Clues Come to Light
Physical evidence of the crew and ships began coming to light later in the 19th century and into the 20th. Besides the discovery of the note on King William Island, relics such as tin cans, cutlery, and other evidence of the expedition were slowly uncovered. In 1981, over 100 years after the final search expedition returned to England, forensic anthropologists returned to King William Island to see if they could determine once and for all what had become of the crew of the Erebus and Terror.
Evidence of camp life was located, as were human remains. The remains were analyzed using modern techniques to see if the cause of death could be determined and if the bodies could be identified somehow. Testing found that lead levels in the remains were unusually high. It is believed that the canned food that the men were eating may have contributed to their deaths.
In the early nineteenth century, tinned food was sealed with lead solder, cutting-edge technology at the time, before lead was known to be a danger to human health. This material likely leached into the foods, particularly acidic ones, causing a slow poisoning of some of the men. The crew, their ship trapped in ice, likely realized they needed a new food source and felt they had no choice but to leave the ship. After their foray into the harsh conditions, the weather and starvation began to take their toll on the rest.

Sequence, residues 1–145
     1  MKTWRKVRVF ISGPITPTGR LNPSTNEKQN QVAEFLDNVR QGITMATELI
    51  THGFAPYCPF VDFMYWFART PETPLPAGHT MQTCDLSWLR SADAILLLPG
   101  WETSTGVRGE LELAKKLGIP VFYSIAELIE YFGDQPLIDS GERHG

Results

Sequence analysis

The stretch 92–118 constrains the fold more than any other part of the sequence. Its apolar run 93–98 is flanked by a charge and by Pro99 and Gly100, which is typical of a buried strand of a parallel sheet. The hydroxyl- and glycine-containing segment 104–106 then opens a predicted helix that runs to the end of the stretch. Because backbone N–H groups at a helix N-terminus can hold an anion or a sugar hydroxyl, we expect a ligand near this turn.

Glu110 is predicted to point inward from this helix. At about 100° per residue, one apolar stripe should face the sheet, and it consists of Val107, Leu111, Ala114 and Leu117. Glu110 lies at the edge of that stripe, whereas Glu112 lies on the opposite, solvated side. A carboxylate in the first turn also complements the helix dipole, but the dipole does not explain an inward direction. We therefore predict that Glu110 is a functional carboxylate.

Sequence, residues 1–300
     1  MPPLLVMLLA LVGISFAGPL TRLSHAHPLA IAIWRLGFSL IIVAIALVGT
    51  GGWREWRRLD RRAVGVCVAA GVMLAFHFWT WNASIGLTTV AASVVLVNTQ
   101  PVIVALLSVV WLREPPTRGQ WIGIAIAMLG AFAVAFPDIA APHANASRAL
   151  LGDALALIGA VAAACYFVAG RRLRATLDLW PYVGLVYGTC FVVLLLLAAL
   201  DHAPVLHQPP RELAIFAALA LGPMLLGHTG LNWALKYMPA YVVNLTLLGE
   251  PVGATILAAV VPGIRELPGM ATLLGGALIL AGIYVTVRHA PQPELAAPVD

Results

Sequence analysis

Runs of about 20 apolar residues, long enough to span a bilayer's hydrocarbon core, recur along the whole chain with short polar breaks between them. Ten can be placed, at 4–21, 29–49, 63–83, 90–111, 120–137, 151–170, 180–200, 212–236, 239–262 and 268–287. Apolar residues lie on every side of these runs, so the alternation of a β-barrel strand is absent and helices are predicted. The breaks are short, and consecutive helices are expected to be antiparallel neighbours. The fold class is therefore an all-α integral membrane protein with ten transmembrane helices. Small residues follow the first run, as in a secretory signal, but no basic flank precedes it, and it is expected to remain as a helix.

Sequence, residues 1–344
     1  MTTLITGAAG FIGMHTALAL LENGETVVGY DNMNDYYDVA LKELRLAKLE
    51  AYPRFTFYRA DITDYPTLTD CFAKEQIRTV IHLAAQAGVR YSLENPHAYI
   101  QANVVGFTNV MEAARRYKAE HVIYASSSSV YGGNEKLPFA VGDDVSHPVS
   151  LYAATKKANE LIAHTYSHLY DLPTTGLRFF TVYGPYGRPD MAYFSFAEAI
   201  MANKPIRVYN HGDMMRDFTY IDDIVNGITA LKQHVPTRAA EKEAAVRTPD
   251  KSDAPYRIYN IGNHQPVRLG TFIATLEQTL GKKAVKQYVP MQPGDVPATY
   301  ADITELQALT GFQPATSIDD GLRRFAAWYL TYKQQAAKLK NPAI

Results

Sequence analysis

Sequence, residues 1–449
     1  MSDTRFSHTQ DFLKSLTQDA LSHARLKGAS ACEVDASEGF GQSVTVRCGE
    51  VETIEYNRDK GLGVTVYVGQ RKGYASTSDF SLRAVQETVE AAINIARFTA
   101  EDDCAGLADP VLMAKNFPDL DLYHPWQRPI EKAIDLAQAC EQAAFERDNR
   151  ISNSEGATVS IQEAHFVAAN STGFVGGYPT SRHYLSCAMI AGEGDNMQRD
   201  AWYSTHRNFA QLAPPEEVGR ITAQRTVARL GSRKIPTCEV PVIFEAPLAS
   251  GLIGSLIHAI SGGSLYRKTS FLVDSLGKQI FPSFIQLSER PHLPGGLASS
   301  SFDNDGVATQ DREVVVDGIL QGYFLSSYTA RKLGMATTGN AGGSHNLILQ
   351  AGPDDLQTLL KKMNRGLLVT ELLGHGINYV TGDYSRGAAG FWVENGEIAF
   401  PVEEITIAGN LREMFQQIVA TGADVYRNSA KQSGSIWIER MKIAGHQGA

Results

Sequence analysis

Franklin’s body, as well as the bodies of many crew members, were never located. To date, various remains have been found at 35 locations, but only two bodies have been returned to England. One body has been positively identified as that of the assistant ship’s surgeon, Harry Goodsir; the other is believed to be Lieutenant John Irving, though some historians disagree. Even with modern DNA technology, identification has been a struggle, as there is limited comparison material.
The suggestion of cannibalism was proven to be true with the discovery of human remains. Analyzed bones demonstrated evidence of being cracked and heated, which would indicate that they were cooked in order for someone to partake in the marrow inside. Knife marks were also present on some of the remains.
The HMS Erebus and HMS Terror themselves would not be located until 2014 and 2016, respectively. Finally taken seriously, the Inuit people’s oral histories were incredibly valuable in the search for these ships. The team responsible for diving on and finding the wrecks was made up of underwater archaeologists from Parks Canada working with the Inuit Heritage Trust.
Only the Erebus has begun to be excavated so far, as the Terror is more secure. Over 275 pieces of physical evidence have been recovered from the ship, providing additional insight into life on board. All of these artifacts are currently being studied at Parks Canada’s Ottawa lab and are considered to be jointly owned by the government of Canada and the Inuit. Each summer season, diving work on the ships continues, and new data providing clues to solve the remaining mysteries are surfacing.